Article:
Writer: Kay Ledbetter

The Texas A&M AgriLife Vice Chancellor’s Award in Excellence – Teaching Award was presented to Dr. Steve Hague, a soil and crops science department professor, during a ceremony Jan. 7 at Texas A&M University in College Station.

The awards, established in 1980, recognize the commitment and outstanding contributions of faculty and staff across Texas A&M AgriLife, and represent the highest level of achievement for the organization.

Steve Hague
Dr. Steve Hague

Hague has consistently demonstrated a commitment to teaching over the last decade, according to his nomination. He worked diligently to improve educational experiences for students, remained an asset for them after graduation, and assisted other faculty in developing their teaching programs.

Additionally, the nomination notes his expertise with high-impact learning experiences and his leadership within professional societies. He leverages assets from his research program to the benefit of graduate and undergraduate students.

“Dr. Hague’s classroom teaching is innovative and interactive,” said Dr. David Baltensperger, head of the Texas A&M soil and crop sciences department. “He demonstrates a versatile teaching style with conventional courses, distance-delivered courses, study abroad programs, honors sections, writing-intensive courses and field trip-based courses.”

Hague’s teaching style relies upon interactive activities, case studies and inclusion of all students in classroom conversations, Baltensperger said. He believes some of the most important lessons students can learn happen outside lecture halls and he gets students into the field, out of the state and abroad to expand their comfort zones.

Hague is an avid proponent of internships because they are one of the best avenues for students to gain their first jobs after graduation and excellent preparation for graduate studies, the nomination states. His close interactions with students has resulted in more than 200 letters of recommendation for admission into graduate schools, scholarships, jobs and service.

He has advised 29 undergraduates for internship credit and supervised another dozen with undergraduate research projects. He led a study abroad program to Australia in 2011 and annually leads a program to Mexico. He is collaborating with Mexican counterparts in the states of Guanajuato and Yucatan to design reciprocal educational and research programs.

In his cotton breeding program, Hague hires numerous undergraduate students as workers and for many this is their first and sometimes only opportunity to operate farm equipment, irrigate, plant seeds, control crop pests and harvest a crop, the nomination stated.

Hague coaches the crops judging team, which he started in 2014. As part of this program, the team competes in another state and learns about the regional agriculture systems of that area.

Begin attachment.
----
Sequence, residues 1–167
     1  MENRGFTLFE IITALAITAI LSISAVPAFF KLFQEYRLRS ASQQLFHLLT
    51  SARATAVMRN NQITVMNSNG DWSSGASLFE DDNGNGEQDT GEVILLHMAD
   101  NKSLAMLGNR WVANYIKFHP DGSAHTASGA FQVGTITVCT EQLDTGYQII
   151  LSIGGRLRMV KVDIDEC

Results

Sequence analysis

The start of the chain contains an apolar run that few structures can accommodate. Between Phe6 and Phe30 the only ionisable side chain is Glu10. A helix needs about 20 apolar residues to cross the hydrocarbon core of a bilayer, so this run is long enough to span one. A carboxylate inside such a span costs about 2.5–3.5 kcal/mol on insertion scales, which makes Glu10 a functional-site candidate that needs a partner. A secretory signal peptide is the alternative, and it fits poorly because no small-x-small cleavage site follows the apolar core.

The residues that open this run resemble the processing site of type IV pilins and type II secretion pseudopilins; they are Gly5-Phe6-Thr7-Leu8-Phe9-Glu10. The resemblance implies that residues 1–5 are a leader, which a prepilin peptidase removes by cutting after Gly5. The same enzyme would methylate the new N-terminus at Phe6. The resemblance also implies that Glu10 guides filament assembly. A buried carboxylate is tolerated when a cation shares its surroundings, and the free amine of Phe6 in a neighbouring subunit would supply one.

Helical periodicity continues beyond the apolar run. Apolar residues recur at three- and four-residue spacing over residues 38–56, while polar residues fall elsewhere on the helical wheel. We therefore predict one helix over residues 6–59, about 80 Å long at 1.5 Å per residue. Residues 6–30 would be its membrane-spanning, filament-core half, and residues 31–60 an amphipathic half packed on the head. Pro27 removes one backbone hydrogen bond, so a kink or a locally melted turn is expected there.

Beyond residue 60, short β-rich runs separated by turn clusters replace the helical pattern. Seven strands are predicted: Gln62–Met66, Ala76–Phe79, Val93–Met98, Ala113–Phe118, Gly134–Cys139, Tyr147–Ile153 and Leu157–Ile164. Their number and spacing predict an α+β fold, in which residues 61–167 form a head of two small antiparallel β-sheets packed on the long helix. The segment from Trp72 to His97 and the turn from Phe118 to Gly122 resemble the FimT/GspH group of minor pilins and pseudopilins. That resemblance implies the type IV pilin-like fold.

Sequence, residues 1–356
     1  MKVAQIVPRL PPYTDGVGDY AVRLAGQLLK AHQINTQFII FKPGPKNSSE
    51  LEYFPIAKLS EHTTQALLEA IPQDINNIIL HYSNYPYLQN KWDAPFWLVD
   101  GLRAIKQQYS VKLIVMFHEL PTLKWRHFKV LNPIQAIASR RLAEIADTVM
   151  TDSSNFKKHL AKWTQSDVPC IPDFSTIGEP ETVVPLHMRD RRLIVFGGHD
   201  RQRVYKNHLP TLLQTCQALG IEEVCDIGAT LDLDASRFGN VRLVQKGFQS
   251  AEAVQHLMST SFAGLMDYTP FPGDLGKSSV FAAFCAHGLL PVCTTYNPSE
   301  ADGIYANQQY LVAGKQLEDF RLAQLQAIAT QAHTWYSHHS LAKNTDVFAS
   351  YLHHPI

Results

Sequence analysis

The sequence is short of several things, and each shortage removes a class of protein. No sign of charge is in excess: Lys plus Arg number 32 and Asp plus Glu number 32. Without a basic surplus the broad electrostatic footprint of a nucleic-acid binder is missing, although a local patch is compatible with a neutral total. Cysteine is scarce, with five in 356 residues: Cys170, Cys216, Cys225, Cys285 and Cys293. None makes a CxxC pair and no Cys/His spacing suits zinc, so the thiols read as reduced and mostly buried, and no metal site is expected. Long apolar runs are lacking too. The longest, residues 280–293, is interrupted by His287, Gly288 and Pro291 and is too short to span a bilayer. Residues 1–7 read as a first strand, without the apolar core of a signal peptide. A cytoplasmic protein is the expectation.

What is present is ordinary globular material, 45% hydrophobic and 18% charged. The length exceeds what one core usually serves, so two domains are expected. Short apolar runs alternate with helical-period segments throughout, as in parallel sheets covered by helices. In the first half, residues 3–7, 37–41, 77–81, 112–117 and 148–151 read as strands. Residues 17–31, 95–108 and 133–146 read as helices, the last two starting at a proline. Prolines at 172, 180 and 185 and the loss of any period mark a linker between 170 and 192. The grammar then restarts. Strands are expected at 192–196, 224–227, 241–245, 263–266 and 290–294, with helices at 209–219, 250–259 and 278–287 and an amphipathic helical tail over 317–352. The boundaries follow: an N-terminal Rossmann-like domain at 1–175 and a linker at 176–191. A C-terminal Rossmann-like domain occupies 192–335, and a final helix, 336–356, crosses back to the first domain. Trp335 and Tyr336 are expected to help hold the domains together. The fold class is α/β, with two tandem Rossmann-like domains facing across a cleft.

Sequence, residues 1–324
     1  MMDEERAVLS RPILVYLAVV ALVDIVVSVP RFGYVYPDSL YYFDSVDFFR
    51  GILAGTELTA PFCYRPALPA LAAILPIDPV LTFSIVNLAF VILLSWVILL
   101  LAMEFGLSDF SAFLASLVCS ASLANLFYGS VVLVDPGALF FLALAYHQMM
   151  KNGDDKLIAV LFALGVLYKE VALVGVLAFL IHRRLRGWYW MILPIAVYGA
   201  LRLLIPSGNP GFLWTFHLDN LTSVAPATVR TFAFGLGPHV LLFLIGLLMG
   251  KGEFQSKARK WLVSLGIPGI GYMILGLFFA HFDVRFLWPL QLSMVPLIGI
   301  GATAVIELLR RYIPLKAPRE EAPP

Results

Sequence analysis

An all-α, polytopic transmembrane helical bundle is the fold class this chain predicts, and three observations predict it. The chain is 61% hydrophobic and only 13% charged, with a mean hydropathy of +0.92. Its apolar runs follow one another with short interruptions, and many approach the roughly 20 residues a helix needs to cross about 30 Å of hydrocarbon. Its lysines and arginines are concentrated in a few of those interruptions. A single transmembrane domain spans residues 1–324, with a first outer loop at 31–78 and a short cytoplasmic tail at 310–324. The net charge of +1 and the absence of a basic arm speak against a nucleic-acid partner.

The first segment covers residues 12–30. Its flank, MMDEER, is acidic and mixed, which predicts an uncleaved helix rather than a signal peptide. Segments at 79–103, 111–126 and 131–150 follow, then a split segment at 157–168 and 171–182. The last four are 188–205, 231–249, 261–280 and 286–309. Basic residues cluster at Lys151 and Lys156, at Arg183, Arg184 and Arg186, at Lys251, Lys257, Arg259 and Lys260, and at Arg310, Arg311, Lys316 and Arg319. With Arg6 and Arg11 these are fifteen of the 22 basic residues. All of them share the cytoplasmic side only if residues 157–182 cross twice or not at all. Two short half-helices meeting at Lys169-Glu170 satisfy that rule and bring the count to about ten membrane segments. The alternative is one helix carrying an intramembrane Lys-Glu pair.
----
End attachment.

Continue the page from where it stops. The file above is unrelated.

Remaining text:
Hague chairs six graduate students including two that are part of the Plant Breeding Distance Education program. He has served as a committee member for more than 20 students outside of his research program. He emphasizes professional development and encourages his students to participate in professional society meetings, improvement of technical skills, and assumption of leadership roles.

Graduate student research is important in his research program, the nomination stated. The students work on projects relevant to the U.S. cotton industry, and Hague regularly secures funding for them through cotton commodity group support and U.S. Department of Agriculture programs.

He has been an active member of the Crop Science Society of America, CSSA, and the American Society of Agronomy, ASA. In those societies, he has chaired the International Education Experience committee, the Golden Opportunity Scholars committee, and the K-12 Outreach community. This year he was selected to receive the CSSA Teaching Award.

He is also a member of the North American College and Teachers of Agriculture, the International Cotton Genomics Initiative, ICGI, and is active as an associate editor of the Journal of Cotton Science and the National Cotton Council’s Cotton Beltwide Improvement Conference which he presided over in 2016.

He has included his students in meetings, including taking graduate students to the ICGI meeting in Wuhan, China, in 2014; graduate and undergraduate students presenting research findings at the Cotton Beltwide meetings as well as the national and regional ASA and CSSA meetings.

Finally, Hague works closely with the Undergraduate Studies program to develop internship guidelines that could be used across the university. For two years, he served on the Honors and Undergraduate Research Activities Committee. Currently he is involved in the Texas A&M College of Agriculture and Life Sciences Yucatan Initiative to develop collaborative efforts for research and teaching between Texas A&M and Mexican institutions.

He has served on the Faculty Senate’s Honors Council, which deals with academic integrity cases, since 2015. On the departmental level, he has served on the scholarship committee since 2007, and most recently working to revise the graduate curriculum.